Rank Studies of Coals in the Rocky Mountains and Inner Foothills Belt Canada
P. A. Hacquebard, J. R. Donaldson, 1974. "Rank Studies of Coals in the Rocky Mountains and Inner Foothills Belt Canada", Carbonaceous Materials as Indicators of Metamorphism, Kussell R. Dutcher, Peter A. Haequebard, James M. Schopf, Jack A. Simon
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Discussed in this study are regional and stratigraphic variations in the rank of coals in the Rocky Mountain region, as determined from vitrinite reflectance measurements. For the regional changes, the Kootenay coals of the Crowsnest Pass area have been examined; they show a progressive westward increase in rank. The variations in rank with stratigraphic position are illustrated in ten coal-bearing sections of Jurassic-Cretaceous age, situated between the Crowsnest field in the south and the Peace River canyon in the north. Both studies indicate preorogenic coalification, because the rank increases regularly with stratigraphic position, but not with geologic age, depth of mining, or degree of tectonic disturbance.
For each of the ten curves plotted, the coalification gradient is calculated in terms of percent reflectance (Ro) change per 100 m increase in depth. By relating this gradient to that of a known curve (the Peel curve of the Netherlands) a reference for comparison is obtained, which is expressed as the Peel rank ratio. Different ratios were obtained, which probably are related to variations in the temperature gradients. The lowest ratio was found in the Peace River canyon area, and the highest occurs in the Canmore coalfield.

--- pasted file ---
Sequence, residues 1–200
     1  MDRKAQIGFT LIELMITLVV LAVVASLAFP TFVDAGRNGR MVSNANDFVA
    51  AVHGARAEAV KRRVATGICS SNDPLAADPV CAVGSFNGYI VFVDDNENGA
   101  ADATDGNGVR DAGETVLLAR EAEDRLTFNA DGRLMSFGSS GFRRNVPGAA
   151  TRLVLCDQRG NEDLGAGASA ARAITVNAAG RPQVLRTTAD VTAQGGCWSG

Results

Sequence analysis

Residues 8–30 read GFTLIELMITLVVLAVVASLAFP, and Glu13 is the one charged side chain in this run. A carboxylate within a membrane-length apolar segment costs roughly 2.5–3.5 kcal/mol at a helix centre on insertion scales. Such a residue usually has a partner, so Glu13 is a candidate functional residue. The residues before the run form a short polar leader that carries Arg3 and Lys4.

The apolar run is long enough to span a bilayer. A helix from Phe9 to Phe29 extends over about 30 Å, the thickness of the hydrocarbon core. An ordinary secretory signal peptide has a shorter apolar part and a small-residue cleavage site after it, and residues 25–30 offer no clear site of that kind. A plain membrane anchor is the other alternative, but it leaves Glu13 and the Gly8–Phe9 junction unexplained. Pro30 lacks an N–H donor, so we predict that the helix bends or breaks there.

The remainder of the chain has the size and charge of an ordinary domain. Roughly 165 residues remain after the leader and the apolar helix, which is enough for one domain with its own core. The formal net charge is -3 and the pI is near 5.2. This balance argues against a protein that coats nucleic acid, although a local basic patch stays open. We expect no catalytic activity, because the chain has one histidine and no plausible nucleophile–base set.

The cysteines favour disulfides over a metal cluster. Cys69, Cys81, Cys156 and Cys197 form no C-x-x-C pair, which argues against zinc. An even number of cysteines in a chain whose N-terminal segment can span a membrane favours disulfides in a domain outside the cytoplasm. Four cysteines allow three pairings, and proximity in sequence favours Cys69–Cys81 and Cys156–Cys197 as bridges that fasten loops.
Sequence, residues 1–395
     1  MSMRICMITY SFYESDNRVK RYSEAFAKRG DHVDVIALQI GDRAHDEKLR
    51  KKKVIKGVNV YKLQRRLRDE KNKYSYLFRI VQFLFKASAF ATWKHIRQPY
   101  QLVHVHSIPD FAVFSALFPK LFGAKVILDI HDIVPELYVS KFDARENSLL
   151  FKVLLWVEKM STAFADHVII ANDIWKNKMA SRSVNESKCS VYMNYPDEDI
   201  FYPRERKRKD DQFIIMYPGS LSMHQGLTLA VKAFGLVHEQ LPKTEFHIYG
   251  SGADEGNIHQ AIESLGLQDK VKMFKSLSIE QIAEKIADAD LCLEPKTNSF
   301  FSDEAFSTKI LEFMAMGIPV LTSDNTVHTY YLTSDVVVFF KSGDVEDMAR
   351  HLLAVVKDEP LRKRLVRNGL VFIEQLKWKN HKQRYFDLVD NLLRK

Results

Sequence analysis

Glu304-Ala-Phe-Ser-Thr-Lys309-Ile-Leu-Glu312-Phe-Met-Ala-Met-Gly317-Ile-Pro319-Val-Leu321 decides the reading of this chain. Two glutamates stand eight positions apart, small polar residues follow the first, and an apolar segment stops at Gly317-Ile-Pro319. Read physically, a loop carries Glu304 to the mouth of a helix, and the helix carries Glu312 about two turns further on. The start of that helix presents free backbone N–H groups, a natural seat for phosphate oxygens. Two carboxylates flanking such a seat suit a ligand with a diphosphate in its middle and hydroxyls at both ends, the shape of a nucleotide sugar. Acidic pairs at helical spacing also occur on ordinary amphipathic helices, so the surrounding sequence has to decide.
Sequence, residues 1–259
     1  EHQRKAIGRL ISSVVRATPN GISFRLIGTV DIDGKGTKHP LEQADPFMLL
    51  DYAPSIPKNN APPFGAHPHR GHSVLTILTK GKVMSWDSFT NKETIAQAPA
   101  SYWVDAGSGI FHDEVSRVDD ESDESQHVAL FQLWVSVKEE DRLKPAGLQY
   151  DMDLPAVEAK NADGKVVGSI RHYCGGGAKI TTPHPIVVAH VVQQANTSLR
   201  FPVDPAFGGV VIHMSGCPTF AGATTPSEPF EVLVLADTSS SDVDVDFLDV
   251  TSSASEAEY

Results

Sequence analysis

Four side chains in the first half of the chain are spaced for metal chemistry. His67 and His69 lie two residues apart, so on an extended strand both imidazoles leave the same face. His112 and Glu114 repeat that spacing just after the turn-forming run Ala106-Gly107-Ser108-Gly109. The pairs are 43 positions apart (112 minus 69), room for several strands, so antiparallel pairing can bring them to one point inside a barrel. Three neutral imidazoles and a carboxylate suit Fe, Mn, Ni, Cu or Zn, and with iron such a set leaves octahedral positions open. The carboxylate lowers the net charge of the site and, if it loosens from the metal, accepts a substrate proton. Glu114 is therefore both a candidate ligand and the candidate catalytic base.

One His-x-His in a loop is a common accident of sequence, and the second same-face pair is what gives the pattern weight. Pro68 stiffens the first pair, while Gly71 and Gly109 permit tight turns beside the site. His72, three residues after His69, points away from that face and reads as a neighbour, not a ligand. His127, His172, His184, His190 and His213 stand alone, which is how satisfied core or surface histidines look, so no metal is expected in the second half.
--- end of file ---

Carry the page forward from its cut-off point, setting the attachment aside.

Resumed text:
The coalification gradient affects the availability of coking coals of most favorable rank, that is, the medium-volatile coals. With a low gradient (and corresponding steep curve), medium-volatile coals occur over a greater stratigraphic interval, with the possibility of a larger number of seams, than with a high gradient. Within limited areas of the same coalfield, the rank as determined from vitrinite reflectance can be used for correlating coal seams, provided a high coalification gradient is present. This method has been employed successfully in the Canmore coalfield on seams that lie not less than 120 ft apart stratigraphically.